Philbrook’s new “MyMuseum” program gives schoolchildren a box of art supplies, like drawing paper and a pencil, and an “art card” that depicts a different piece of art in the museum’s galleries each month. The children can come back each month for new cards, which are available in English and Spanish, and a new art supply. So far, more than 14,000 children have taken part.
In another program, Second Saturdays, the museum offers free admission once a month, art classes, and activities for children, like a scavenger hunt on the museum grounds.
Mr. Suffolk credits the expanded children’s program for increasing the number of people who give $55 to $125 a year by 17 percent since the recession. Gains among midlevel donors, who give up to $750 a year, were more impressive, at 45 percent.
The broader membership appeal has also helped Suffolk showcase the educational offerings to corporate donors who want to support programs aimed at a diverse audience. One of them, Oneok, a Tulsa energy company, chipped in $200,000 in May to support the free Saturday program.
Steady economic growth, along with gains on Wall Street, are causing giving to grow even faster in 2014 than it did last year for the nation’s Jewish federations.
The federations achieved a nearly 2-percent increase last year, and gifts are now up 5 percent nationally, says Jerry Silverman, president of the Jewish Federations of North America, a membership group of 153 organizations.
“We’re seeing our major philanthropic leaders become more engaged,” he says. “As they’ve stabilized their capacity, they’re looking at more ways to invest in our mission.”
In recent years, many of the federations were heavily focused on helping people who had been laid off, had trouble paying their mortgages, or were homeless.
One such effort was J-Help, a $25.9-million fund raised by the Jewish United Fund/Jewish Federation of Metropolitan Chicago, which leaned heavily on its major donors to pitch in.
The improving economy helped the organization attract 891 more gifts last year than in 2012, pushing its annual campaign above $81-million, the most the group has raised since 2008. Sensing a greater feeling of financial stability among its supporters, the organization took a new tack, hoping to appeal to donors who wanted to provide money for new programs.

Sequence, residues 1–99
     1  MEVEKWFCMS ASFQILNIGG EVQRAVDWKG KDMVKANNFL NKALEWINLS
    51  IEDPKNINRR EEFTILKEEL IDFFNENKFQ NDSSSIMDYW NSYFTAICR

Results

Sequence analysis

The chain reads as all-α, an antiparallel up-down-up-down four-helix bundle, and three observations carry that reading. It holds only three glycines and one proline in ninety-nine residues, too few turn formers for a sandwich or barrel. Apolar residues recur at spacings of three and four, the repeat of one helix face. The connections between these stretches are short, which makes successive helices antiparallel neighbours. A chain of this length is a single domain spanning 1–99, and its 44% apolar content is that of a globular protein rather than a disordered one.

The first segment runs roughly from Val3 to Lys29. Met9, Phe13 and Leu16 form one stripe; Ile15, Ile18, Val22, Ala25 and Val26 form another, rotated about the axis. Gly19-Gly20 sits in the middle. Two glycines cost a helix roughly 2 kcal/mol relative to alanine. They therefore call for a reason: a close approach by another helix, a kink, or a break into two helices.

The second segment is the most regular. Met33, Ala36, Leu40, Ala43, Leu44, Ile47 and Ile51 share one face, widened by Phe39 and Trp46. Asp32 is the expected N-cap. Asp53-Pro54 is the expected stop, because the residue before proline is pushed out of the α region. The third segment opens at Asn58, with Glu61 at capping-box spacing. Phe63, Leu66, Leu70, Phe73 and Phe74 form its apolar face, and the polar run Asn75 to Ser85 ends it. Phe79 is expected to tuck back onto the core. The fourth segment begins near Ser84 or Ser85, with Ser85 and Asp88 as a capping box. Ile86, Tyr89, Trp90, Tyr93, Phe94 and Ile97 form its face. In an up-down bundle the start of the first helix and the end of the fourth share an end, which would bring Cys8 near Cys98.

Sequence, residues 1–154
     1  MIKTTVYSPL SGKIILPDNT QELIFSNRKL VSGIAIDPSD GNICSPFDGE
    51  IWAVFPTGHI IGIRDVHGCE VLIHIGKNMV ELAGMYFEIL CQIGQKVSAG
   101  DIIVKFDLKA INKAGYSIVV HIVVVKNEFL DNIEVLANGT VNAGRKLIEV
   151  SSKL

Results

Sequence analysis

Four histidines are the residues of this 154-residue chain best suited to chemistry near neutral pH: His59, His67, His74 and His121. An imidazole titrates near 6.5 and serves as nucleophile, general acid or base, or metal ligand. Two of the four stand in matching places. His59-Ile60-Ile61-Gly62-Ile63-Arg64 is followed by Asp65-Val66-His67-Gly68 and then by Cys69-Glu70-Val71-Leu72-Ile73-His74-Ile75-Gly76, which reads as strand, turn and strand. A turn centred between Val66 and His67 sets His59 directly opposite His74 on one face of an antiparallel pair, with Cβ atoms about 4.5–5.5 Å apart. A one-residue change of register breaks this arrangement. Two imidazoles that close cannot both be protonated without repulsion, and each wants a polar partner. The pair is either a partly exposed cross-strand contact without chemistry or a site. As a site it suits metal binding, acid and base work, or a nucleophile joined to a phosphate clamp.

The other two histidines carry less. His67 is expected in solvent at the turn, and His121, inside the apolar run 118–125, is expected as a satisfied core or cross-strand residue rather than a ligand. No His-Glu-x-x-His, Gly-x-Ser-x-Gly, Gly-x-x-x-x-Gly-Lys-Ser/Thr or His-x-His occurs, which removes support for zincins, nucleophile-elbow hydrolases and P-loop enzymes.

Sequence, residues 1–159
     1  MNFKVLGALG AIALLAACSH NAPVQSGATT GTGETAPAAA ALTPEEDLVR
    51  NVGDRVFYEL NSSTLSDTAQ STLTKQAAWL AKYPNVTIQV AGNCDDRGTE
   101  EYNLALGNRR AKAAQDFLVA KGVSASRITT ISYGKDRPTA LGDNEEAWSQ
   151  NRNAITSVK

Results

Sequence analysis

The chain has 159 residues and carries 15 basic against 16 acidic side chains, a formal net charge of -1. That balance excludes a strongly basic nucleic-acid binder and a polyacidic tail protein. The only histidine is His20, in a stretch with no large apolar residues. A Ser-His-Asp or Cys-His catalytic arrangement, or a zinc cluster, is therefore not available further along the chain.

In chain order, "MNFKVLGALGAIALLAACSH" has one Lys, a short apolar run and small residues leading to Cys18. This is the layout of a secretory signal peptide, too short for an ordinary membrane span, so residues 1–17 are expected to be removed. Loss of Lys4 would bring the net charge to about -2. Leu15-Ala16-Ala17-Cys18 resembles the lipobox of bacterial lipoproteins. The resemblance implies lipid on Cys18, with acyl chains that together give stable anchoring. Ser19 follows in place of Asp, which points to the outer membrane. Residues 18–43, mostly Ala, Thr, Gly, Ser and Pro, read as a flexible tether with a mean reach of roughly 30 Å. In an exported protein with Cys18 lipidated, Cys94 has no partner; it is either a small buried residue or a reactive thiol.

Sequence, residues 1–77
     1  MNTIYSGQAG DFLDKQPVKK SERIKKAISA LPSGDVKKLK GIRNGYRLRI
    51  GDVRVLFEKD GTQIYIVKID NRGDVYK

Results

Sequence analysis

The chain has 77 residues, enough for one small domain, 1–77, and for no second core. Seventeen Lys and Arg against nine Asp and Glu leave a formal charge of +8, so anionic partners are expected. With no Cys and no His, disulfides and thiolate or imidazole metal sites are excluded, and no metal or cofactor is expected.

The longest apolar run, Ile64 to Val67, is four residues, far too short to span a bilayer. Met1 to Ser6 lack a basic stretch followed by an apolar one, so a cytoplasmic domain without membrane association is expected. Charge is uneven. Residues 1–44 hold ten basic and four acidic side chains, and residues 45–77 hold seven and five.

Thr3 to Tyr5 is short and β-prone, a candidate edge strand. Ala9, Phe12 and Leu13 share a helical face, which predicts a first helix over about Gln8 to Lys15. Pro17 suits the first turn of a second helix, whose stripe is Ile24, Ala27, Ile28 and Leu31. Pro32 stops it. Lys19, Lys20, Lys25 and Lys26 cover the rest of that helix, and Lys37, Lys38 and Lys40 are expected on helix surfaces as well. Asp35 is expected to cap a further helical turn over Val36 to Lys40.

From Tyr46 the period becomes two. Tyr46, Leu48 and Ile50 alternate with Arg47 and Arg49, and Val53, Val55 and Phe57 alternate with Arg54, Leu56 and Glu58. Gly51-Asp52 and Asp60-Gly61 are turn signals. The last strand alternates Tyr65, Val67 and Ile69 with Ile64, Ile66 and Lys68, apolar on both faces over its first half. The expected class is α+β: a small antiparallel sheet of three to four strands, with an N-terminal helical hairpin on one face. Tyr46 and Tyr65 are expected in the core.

The Breakthrough Fund, a new program that has raised $1-million to date, offers small grants of about $5,000 to “boutique” projects such as an effort to start a Chicago-area Hebrew National Honor Society at schools that teach Hebrew, camp programs designed to make young people more accepting of people with developmental disabilities, and afterschool educational programs that seek to link gay history and issues of gender identity to Judaism.
“J-Help was this ‘Oh, my gosh, we’ve got people hit hard by the recession, we’ve got to help them,’ ” effort says Aaron Cohen, a spokesman for the group. “Breakthrough is different. It represents an eclecticism among donors.”
InterVarsity, a network of Christian campus ministries, also sees the improving economy as a good time to start increasing its ambitions. The organization noticed that its average gift was more than $1,000, but it did not attract many gifts of more than $10,000.
Andrew Ginsberg, InterVarsity’s director of advancement, says the relatively high average gift amount and thousands of donors who also volunteer suggests that the charity could attract a large number of gifts between $10,000 and $25,000.
Last year it introduced its “Vision Partners” program, to attract those midlevel donors who might want to give more if their gifts were spread out over several campuses in a region.
The group does not have professional fundraisers. Instead, it relies on its 150 campus directors to solicit gifts.
To persuade donors to give more, Mr. Ginsberg developed guidelines for them to follow that outline an easy-to-remember “three cups of tea” approach.
The first cup, he says, is to build trust. The second cup is to listen to donors and help them understand what their passions are. The third cup is to encourage staff members to pitch donors to support the programs that match those passions. “We have thousands of loyal donors who have the ability and the affinity to InterVarsity to give more,” he says. “They seem ripe to invite into a larger relationship.”
Debra E. Blum contributed to this article.